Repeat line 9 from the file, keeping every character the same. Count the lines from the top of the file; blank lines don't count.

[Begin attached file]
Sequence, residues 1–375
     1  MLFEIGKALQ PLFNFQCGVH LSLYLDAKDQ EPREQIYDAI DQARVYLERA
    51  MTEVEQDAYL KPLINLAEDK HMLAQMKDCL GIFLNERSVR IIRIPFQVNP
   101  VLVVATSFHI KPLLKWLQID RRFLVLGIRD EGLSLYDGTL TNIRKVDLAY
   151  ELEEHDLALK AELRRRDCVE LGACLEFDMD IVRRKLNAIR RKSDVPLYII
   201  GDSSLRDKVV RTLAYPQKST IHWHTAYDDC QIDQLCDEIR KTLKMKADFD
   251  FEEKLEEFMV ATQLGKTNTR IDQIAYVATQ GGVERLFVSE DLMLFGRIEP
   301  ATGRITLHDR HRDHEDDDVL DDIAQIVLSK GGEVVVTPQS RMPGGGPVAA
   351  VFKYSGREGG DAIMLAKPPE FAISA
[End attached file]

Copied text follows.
   351  VFKYSGREGG DAIMLAKPPE FAISA